The search results are exhibited in a list format- which can be rearranged according to price or the date posted. Alternatively, a map marked by a circle shows the top view of the property along with a visual of the adjoining areas. The radius of search can be starts from 2 kilometres. The centre of circular search area can also be dragged to a different location.

Property Details

The property detail screen has been beautifully summarised in the app. When a user selects a property, the resulting page comprises of photos (guaranteed original) along with a snapshot of property specs. Apart from details like amenities and housing structure, a ‘lifestyle quotient’ is also listed. This number between 1 and 10 showingthe overall quality of amenities and features available in the vicinity of the house. One can shortlist the property from this page or directly call the seller using a button on the bottom of the screen.

The second section allows the buyers to put their property up for sale by filling a single page format. Likewise, a buyer also has the option to key in his/her requirements (generic as well as specific). There is also a provision to add special requests.

The third section allows one to scan bookmarks and the fourth section allows a user to contact housing.com or read its blog.

In Conclusion-What Makes the App Better than Others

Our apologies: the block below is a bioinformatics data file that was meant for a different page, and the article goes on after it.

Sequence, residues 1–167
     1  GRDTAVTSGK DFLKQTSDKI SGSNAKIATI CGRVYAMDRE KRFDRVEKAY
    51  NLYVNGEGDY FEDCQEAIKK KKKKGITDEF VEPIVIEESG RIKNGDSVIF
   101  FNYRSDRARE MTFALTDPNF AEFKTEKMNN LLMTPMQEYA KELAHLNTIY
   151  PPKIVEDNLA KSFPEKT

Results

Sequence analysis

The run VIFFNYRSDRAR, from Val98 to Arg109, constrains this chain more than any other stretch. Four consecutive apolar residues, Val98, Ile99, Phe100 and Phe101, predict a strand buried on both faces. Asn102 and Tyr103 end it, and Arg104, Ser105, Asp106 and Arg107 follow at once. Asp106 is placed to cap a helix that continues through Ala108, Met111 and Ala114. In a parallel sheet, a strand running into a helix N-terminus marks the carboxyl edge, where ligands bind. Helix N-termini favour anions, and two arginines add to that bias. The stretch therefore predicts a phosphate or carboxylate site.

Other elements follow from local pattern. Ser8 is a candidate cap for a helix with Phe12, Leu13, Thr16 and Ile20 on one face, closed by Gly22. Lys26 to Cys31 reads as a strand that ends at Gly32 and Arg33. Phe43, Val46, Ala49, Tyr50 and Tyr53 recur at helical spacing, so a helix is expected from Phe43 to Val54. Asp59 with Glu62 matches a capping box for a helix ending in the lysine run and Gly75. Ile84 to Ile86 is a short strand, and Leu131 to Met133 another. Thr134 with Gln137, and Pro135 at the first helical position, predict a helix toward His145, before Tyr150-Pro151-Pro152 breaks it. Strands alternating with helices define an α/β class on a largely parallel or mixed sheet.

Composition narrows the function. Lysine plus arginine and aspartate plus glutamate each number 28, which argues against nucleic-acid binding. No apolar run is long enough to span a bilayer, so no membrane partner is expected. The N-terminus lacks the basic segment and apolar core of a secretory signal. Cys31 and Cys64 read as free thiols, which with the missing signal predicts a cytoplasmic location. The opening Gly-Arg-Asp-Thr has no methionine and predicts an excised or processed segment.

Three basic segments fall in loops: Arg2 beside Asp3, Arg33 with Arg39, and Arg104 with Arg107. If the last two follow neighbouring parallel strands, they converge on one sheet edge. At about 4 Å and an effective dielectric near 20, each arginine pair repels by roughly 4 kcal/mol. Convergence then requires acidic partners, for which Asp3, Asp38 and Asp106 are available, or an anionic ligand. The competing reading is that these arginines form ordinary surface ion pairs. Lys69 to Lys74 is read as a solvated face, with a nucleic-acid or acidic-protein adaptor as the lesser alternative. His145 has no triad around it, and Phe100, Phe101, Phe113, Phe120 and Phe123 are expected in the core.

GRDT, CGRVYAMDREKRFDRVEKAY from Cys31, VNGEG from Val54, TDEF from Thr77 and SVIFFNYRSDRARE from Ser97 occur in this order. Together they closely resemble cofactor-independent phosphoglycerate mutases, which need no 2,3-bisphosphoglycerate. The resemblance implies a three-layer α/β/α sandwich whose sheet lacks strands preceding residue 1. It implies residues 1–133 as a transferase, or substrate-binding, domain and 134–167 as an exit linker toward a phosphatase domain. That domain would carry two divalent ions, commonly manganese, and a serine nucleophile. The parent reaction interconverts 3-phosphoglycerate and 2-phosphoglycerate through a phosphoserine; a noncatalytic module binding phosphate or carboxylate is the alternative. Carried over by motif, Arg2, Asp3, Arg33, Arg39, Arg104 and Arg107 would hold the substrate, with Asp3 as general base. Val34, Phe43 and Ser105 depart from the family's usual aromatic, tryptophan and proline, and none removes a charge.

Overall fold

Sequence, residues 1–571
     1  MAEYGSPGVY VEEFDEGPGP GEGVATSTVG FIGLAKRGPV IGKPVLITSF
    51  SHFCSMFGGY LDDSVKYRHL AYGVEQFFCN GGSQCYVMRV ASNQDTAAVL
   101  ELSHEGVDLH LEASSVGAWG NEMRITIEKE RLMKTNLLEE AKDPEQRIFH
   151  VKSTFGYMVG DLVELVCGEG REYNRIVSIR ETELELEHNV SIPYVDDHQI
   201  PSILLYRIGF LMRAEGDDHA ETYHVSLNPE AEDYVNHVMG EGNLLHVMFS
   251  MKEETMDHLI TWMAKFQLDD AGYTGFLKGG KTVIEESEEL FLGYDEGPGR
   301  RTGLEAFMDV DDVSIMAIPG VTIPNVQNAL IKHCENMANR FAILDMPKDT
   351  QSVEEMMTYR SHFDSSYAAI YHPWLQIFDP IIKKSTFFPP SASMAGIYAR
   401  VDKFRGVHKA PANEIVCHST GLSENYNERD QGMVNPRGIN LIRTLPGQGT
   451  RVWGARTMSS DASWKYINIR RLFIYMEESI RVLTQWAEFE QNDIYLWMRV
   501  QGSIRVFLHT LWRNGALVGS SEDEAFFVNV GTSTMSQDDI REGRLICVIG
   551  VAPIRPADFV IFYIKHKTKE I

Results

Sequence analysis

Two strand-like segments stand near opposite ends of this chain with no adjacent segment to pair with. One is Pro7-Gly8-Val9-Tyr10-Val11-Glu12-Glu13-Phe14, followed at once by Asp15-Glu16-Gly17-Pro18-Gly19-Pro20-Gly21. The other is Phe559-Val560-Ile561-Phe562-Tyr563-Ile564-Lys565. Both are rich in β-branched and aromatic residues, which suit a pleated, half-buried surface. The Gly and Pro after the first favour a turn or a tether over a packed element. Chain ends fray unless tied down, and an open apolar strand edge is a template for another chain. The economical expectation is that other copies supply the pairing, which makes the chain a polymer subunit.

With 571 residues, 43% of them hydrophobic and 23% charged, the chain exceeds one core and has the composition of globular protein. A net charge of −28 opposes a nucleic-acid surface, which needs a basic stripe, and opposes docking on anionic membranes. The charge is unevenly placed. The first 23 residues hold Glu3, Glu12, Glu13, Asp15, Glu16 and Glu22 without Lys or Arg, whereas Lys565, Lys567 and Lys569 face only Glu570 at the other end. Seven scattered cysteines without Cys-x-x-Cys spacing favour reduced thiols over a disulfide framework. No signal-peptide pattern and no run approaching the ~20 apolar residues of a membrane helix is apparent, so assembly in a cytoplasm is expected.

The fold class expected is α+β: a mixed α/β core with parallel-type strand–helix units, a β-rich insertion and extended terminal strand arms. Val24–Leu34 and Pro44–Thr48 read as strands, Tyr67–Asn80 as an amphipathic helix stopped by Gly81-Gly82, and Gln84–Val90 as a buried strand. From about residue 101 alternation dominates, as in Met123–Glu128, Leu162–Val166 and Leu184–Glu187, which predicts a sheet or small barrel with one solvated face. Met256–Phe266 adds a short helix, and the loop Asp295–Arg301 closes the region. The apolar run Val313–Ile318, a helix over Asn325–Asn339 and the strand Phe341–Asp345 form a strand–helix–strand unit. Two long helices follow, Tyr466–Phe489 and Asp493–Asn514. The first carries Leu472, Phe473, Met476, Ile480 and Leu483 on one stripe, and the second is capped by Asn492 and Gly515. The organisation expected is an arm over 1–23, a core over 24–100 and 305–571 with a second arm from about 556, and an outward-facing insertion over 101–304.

The housing.com app on Android effectively blends simplicity with features. Its navigation is intuitional and anyone using the app for the first time finds it easy to use. It compresses relevant information which allows a user to shortlist a property without having to visit it. The app utilises the calling feature effectively from within the result pages. It does not clutter the information on the small screen and yet provides all relevant details sought by a prospective buyer. It is a compact yet intelligent solution on-the-go.

 

 

 

McDonald’s launches its own version of Burger King’s black burger

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Burger King has attracted a lot of attention recently with the all-black burger it launched in Japan — something that we braved a taste of and gave two thumbs-up. Not to be left out of the limelight is McDonald’s, which has moved ahead with its own similar gimmick in Japan, introducing its own squid-ink offering.

You might have seen pictures of it surface on Twitter or Instagram — a burger from McDonald’s in Japan that features a very dark (though not charcoal black) bun, making it odd in appearance but not as ostensibly bizarre as Burger King’s offering. It is called the “ikasumi” burger, which means “squid ink burger”.

It would seem, then, that McDonald’s has elected to use buns colored by squid ink, and given the design of the boxes (featuring orange and a witch’s silhouette) shown in the pictures, the unique coloring might be part of some Halloween-centric theme or promotion.

It is being reported the burgers are only be offered by a limited number of stores inside of Shinjuku, so depending on where you are in Tokyo, you might have to take a bit of a trip to get one for yourself. Have you tried one? Let us know what you think!